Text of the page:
Ethnographic Arms & Armour

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-   -   European Stag gripped hanger (http://www.vikingsword.com/vb/showthread.php?t=23345)

kronckew 9th November 2017 02:20 PM

European Stag gripped hanger
 
2 Attachment(s)
Acquired this recently, appears to be an late 18c-early 19c shell guard hanger/hunting sword, with a double edged 53cm. blade, complete with scabbard. should be with me tomorrow. is it possible it's a naval officers fighting hanger? vendor did not note any markings. it looks remarkably similar to capt. cook's sword listed HERE

fernando 9th November 2017 02:47 PM

Good catch, Wayne. Don't feel jealous of Cook's piece; his is more the swagger type, while yours looks like the real thing ;).
Just a pity if the scabbard is from a different sword; it looks like having a different curvature, or is it my short sight :o. You will check if it fits correctly :cool:.

kronckew 9th November 2017 03:03 PM

hopefully it's just the bendy leather. does appear to be a bit longer than the sword blade tho ;). i too hope it fits :) if not, i have a couple of swords that need scabbards it may fit. might be the sword used to be a bit longer...we all get shorter as we age.

anyhow, capt. cook's sword (if he carried one like this) didn't do him much good against a hawaiian. size did matter there.

fernando 9th November 2017 04:35 PM

Quote:
Originally Posted by kronckew
...we all get shorter as we age...

And bend, besides scabbards. :shrug: .

kronckew 9th November 2017 06:48 PM

always use a scabbard, for safety. ;)

kronckew 10th November 2017 01:49 PM

2 Attachment(s)
well, it fits :)

blade is a couple inches into the chape & tight at the top, still a couple inches short if i lay the blade on top. blade is single edged, flat spine,except the last 5 inches, which Are sharp top & bottom. bottom edge is sharp all the way to the guard. no markings. the chape is actually loose (staple is missing) i'll see if i can move it up a bit to better fit the blade. leather needs a bit of softening.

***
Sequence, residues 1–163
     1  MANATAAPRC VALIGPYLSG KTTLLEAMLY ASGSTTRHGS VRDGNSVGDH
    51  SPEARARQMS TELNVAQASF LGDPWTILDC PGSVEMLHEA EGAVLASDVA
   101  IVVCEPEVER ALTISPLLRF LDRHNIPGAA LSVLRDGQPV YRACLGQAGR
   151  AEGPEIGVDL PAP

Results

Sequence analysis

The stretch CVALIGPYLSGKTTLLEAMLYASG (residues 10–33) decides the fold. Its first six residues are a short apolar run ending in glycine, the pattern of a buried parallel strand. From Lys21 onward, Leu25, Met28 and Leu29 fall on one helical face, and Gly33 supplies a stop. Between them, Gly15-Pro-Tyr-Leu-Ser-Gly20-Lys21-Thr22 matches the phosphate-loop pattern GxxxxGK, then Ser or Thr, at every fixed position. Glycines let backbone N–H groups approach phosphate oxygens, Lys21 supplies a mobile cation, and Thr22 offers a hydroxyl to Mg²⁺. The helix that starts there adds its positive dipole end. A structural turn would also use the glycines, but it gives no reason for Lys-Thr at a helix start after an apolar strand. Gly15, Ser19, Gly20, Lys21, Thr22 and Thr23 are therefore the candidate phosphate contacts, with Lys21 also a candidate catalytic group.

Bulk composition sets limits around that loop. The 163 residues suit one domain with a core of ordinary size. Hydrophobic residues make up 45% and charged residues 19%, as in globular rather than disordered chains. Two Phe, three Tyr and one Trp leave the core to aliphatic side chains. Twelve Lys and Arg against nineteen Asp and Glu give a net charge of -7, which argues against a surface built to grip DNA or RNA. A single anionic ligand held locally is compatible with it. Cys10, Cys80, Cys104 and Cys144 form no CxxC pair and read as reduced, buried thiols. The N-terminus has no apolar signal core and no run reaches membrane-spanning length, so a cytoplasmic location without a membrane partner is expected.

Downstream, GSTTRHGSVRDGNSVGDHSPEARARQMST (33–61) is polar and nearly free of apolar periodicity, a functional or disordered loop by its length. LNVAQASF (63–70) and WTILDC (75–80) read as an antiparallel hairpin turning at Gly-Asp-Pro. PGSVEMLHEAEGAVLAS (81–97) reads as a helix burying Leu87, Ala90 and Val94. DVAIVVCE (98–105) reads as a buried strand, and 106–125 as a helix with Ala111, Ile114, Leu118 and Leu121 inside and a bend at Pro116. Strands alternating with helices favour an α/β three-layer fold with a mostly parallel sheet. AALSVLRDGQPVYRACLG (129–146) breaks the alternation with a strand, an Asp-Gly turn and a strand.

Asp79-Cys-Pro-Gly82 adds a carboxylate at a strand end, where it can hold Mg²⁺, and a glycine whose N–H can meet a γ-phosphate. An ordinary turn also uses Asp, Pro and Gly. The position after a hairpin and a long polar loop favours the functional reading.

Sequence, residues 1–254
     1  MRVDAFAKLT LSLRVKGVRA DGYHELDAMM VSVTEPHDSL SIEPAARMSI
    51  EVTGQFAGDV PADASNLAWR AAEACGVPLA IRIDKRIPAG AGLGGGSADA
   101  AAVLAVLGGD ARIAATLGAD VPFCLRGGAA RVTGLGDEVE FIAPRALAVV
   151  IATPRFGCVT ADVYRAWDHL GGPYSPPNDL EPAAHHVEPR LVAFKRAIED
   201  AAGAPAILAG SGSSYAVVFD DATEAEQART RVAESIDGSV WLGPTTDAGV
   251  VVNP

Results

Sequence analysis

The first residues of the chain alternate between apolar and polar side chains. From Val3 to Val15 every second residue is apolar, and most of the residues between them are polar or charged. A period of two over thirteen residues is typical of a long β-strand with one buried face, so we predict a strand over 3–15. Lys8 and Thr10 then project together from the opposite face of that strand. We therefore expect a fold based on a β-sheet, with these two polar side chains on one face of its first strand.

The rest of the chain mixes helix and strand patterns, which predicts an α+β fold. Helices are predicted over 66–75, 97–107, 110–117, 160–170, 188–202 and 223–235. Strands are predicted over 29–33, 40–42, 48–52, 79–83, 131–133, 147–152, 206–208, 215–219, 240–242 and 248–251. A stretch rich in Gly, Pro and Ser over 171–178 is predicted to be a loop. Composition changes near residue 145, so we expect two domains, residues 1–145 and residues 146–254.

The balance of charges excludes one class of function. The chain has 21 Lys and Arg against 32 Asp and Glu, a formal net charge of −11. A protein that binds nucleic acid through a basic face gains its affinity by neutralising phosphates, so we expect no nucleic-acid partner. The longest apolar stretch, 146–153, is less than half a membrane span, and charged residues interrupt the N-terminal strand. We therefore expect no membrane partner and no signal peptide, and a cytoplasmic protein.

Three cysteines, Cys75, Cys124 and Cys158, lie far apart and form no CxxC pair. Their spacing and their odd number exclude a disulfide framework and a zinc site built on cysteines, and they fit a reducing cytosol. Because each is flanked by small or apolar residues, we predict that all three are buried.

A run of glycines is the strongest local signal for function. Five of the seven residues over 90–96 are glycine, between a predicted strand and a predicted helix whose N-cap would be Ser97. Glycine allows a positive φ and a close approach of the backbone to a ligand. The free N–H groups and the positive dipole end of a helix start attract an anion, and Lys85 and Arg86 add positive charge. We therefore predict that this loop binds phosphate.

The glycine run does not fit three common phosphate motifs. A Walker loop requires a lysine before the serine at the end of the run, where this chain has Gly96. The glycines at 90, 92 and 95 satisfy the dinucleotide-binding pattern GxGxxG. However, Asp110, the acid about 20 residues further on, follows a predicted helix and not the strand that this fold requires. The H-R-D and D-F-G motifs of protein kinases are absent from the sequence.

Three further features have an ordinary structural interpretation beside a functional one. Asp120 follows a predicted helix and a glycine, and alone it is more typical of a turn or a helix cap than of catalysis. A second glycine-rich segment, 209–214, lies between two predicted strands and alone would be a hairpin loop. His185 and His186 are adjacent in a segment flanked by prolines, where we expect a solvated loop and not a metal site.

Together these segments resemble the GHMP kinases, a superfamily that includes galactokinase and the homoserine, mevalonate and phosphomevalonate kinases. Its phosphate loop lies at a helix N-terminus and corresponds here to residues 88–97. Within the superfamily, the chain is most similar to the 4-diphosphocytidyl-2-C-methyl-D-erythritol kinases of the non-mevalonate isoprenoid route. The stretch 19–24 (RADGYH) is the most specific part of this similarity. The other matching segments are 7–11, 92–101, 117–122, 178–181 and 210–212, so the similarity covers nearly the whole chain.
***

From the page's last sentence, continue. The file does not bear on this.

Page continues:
fernando 10th November 2017 02:32 PM

So you face two versions for future record; either the scabbard belonged in another sword or this very one was shortened ... for whatever reason. One staple missing; easier to dismount the chape and trim a portion of the leather. You just have to check if the 'new' scabbard width fits well into the tappering chape; correct ?

fernando 10th November 2017 02:47 PM

Quote:
Originally Posted by kronckew
... no markings ...

Wasn't the scallop shell guard originally a German fashion ?

Roland_M 10th November 2017 03:38 PM

Hello,

it is a 19. ct. European, probably German, Hunting dagger (deer catcher).

If you follow this link, you will see more examples of the same type.

https://www.google.de/search?q=hirs...iw=1670&bih=921

If you find something of interest, I will translate it for you.

Sometimes they had been used as a side weapon for upper class on the battlefield. Maybe the extremely long bayonets of late 19.ct. are copies of the deer catcher worn in battles.


Roland

fernando 10th November 2017 04:16 PM

Quote:
Originally Posted by Roland_M
... it is a 19. ct. European, probably German, Hunting dagger (deer catcher)...

Sure thing Roland, the Hirscfängers. Skipping the strict translation, with 53 cms blades (if not shortened from 55 cms) you may call them swords, not daggers; but that is just a little detail :o.

Quote:
Originally Posted by Roland_M
... Sometimes they had been used as a side weapon for upper class on the battlefield...

Quite right, Roland; as also to show off with a cerimonial uniform, like that of Captain Cook, i guess ;) .


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